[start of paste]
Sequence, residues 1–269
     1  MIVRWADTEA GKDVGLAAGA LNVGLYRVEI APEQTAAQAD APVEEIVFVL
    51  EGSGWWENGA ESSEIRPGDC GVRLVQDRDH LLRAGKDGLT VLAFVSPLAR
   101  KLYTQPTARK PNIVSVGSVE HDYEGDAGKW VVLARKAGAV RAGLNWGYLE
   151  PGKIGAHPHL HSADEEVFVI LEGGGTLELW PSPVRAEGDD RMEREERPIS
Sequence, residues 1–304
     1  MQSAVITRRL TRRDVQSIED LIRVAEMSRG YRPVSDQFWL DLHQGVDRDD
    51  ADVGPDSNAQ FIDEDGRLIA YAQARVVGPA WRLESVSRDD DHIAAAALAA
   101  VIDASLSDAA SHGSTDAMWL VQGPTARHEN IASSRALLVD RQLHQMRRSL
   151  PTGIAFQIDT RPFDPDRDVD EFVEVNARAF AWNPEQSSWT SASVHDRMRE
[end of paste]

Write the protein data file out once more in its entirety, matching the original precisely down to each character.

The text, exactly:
Sequence, residues 1–269
     1  MIVRWADTEA GKDVGLAAGA LNVGLYRVEI APEQTAAQAD APVEEIVFVL
    51  EGSGWWENGA ESSEIRPGDC GVRLVQDRDH LLRAGKDGLT VLAFVSPLAR
   101  KLYTQPTARK PNIVSVGSVE HDYEGDAGKW VVLARKAGAV RAGLNWGYLE
   151  PGKIGAHPHL HSADEEVFVI LEGGGTLELW PSPVRAEGDD RMEREERPIS
Sequence, residues 1–304
     1  MQSAVITRRL TRRDVQSIED LIRVAEMSRG YRPVSDQFWL DLHQGVDRDD
    51  ADVGPDSNAQ FIDEDGRLIA YAQARVVGPA WRLESVSRDD DHIAAAALAA
   101  VIDASLSDAA SHGSTDAMWL VQGPTARHEN IASSRALLVD RQLHQMRRSL
   151  PTGIAFQIDT RPFDPDRDVD EFVEVNARAF AWNPEQSSWT SASVHDRMRE